june 2011 programmes

 

 

saturday 4th june
6.30 pm Odissi Recital by Sunanda Banerjee 

saturday 11th  june
6.30 pm
‘Raag Kalyan’ – a musical exploration by  Kasturi Atrawalkar
 

june 11 saturday
1 to 2 pm Food Meditation # 14
 

saturday 18th june
6.30 pm
Walking Naked: Female spirituality and self-expression” a fusion performance by Lakshika Pandey 

saturday 25th june
12.30 to 2 pm ‘Paella & Sangria’ a talk and demonstration by Guillermo Hidalgo

wednesday 29th june
6.30 pm ‘Finally a national language – Hinglish.’  A talk by Professor Seema Khurana
   

 

 

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saturday 4th june
6.30 pm Odissi Recital by Sunanda Banerjee

Sunanda Banerjee returns to the Attic after a gap of 3 years with some new compositions. The first piece is a choreography to the music of Ananda Shankar, son of the dancer Uday Shankar and nephew of Pandit Ravi Shankar. Like his father and uncle he also made a name for himself in the U.S. and became known for fusing Western and Eastern musical styles. He released an album in the early seventies playing sitar based versions of the Rolling Stones hit ‘Jumpin Jack Flash’ and The Doors ‘Light my Fire’.

Sunanda continues with a traditional  Pallavi and concludes with a Champu. The champu is an unusual poetic structure based on a raga using an appropriate rhythm in which a poem has been composed using one letter of the alphabet and each word of the poem uses only that one letter.

Sunanda has been learning Odissi since the age of 8 from Guru Madhavi Mudgal. She is an Arts graduate from Delhi University as well as a graduate in Odissi dance from Gandharva Mahavidyala. She has performed at the Uday Shankar Ballet Festival in Jaipur, Qutab Festival in Delhi and the Konarak Festival in Bhuvaneshwar. She is a graded artist of Doordarshan. She is also a registered teacher of Akhil Bharatiya Gandharva Mahavidyalaya Mandal, Mumbai. 

 

saturday 11th  june
6.30 pm
‘Raag Kalyan’ – a musical exploration by  Kasturi Atrawalkar
 

Raag Kalyan is one of 10 divisions of Ragas (’that’) in Indian classical music. It is a raga of the early part of the night. It has been called ‘Iman’ as well as ‘yaman’ and is popular in Carnatic as well as hindusatani classical music as well as in religious and popular music.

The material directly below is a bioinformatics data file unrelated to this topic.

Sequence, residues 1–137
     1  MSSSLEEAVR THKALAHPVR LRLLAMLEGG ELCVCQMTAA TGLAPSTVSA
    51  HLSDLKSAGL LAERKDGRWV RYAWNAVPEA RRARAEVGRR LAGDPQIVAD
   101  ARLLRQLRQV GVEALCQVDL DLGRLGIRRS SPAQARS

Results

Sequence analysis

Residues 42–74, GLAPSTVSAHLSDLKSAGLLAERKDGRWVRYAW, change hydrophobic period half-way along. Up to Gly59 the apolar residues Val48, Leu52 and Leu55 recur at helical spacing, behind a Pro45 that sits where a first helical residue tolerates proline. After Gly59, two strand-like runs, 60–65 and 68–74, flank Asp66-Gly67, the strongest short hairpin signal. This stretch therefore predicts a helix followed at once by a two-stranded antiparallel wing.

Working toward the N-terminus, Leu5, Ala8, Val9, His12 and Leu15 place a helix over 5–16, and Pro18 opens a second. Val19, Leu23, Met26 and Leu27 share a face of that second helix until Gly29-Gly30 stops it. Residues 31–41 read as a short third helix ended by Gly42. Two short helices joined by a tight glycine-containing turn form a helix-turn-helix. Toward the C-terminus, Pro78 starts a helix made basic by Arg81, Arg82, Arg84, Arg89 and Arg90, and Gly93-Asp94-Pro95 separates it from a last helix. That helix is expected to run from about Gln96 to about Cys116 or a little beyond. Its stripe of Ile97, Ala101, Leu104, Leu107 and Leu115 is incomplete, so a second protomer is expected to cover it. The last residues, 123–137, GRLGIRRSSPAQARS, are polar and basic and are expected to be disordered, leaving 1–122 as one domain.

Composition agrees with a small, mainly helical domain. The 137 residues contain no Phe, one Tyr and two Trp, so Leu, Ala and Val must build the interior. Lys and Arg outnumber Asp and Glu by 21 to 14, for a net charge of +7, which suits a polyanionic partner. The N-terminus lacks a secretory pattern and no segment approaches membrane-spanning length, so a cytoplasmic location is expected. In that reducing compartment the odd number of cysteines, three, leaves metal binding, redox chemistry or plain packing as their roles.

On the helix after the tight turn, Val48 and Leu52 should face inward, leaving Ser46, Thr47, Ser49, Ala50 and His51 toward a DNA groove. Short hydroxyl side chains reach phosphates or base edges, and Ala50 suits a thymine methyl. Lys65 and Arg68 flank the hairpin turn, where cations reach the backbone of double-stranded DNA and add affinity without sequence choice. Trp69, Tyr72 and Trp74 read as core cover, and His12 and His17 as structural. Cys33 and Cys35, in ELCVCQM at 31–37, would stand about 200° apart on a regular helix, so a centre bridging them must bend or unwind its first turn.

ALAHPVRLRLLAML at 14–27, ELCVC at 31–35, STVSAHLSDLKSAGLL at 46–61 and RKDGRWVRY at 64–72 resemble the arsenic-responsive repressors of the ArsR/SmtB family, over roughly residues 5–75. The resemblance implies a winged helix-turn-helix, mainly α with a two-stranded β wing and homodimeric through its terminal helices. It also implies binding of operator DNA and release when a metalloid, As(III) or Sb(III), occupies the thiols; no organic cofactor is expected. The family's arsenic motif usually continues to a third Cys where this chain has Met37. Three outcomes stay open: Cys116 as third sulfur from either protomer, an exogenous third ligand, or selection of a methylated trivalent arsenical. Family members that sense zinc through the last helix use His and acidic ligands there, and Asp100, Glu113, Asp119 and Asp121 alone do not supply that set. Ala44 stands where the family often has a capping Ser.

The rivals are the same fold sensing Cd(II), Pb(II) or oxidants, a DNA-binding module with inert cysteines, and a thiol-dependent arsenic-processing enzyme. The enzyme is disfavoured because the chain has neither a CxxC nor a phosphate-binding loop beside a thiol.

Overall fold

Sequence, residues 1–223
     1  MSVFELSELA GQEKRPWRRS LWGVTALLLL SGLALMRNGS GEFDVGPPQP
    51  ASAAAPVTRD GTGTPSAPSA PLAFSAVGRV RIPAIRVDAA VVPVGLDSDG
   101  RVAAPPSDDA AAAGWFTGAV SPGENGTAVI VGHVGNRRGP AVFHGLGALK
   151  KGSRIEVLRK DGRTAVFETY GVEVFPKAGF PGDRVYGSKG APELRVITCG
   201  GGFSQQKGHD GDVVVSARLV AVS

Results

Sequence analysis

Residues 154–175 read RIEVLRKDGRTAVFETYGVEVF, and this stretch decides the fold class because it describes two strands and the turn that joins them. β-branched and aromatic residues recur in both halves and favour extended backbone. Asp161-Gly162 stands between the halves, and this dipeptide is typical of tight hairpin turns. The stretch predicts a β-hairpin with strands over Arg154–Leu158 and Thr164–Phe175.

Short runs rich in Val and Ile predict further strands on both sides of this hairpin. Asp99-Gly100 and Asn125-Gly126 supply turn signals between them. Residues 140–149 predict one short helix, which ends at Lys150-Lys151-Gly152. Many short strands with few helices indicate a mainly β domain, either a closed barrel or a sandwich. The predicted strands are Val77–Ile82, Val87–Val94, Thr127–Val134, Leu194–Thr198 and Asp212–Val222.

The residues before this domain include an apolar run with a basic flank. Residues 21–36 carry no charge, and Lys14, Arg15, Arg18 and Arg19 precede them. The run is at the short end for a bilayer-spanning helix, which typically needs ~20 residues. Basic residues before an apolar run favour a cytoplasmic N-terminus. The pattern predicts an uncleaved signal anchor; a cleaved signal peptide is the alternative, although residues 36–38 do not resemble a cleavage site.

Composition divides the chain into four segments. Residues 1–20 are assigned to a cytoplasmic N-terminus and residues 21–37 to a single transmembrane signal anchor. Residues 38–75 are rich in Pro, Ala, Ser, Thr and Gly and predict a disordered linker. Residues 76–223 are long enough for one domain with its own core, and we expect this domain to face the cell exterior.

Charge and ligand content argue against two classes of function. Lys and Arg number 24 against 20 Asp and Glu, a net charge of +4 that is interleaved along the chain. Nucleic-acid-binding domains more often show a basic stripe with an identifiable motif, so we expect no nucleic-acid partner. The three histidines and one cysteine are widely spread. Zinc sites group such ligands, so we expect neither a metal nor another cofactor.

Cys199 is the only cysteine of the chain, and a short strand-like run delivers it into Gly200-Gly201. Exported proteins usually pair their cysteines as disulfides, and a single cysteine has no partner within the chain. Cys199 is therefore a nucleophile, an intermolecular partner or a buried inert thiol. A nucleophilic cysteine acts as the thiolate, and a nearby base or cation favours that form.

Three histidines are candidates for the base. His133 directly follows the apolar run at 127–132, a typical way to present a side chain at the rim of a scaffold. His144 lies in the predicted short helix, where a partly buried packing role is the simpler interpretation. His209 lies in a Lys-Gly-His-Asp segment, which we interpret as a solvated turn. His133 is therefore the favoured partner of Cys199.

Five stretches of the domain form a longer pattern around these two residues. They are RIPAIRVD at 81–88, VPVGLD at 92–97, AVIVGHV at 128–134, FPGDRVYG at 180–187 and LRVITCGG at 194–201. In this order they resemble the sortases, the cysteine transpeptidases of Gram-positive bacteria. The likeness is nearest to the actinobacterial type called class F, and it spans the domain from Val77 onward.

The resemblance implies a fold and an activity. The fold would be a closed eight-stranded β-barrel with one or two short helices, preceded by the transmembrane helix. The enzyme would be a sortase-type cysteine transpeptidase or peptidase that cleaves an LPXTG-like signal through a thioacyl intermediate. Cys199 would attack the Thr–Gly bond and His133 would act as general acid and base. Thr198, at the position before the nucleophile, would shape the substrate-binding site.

In carnatic music it is also known by the feminine name Kalyani (‘she who causes auspicious things’) and compositions of it are popular in South Indian weddings. In the sikh religious tradition Guru Ram Das and Guru Arjan composed 23 hymns in Raga Kalyan which is supposed to bring blessing, goodness and exaltation to one’s life.   

There are 14 variants to the Raga – Shudh Kalyan, Bhopali , Hameer, Kamodh and Yaman kalian, and Kasturi explores this evening its  many variations in the different genres of classical and popular music.  

 Kasturi Atrawalkar is a Classical vocalist from the Gwalior_Kirana Gharana. Her clear, beautiful voice and intelligent artistry bring colorful interpretations of musical nuances. Her first Guru was her mother Smt. Suvarna Datar, an All India Radio vocalist of Gwalior Gharana. Kasturi is a disciple of Pt. Vinayak Torvi, the great maestro from Bangalore and has also received guidance from ‘Pt. Balasaheb Poonchwale’.

Kasturi has been performing at various forums across India.  Mainly  Delhi and Maharashtra.

  

june 11 saturday
1 to 2 pm Food Meditation # 14 

The Food Meditation series continues with 2 new ingredients

Menu

Naurangi Dal (9 coloured lentil)
Karela (Bitter gourd)
Brown Rice
Chaulai Roti (Amaranth roti)
Aam Panna (Raw mango drink)
Pickles

                                       Aam Panna is a typically North Indian drink, said to be cooling in the intensely hot and dry winds of an Indian summer. Mint leaves add to the cooling effect of raw mangoes. Salt and sugar replace the lost electrolytes in the hot  weather. 

• Wash 1 kg. green, unripe mangoes. Boil them with 1 cup water& simmer till soft. Peel when cool.

Squeeze one mango at a time in your palm and collect the pulp and juice in a bowl. Discard the skins and stones  

• Add 700 gms sugar, 20 gm. black salt (kala namak), 1 tsp dry roasted cumin seeds (zeera), 1 tsp ground black pepper and a handful of fresh mint leaves.

• Put in a blender and puree. 

• Cool in the refrigerator. When serving dilute with cold water, add ice and garnish with fresh mint leaves   

 Karela is an extremely important bitter summer vegetable and in the ayurvedic balance of flavours an antidote to the sweet mango.  

“Bitter gourd contains vitamin A, B1, B2, and C. It also contains minerals like calcium, phosphorous, iron, copper and potassium. From the ayurvedic perspective, bitter gourd is excellent for balancing Kapha. It helps purify blood tissue, enhances digestion, and stimulates the liver.”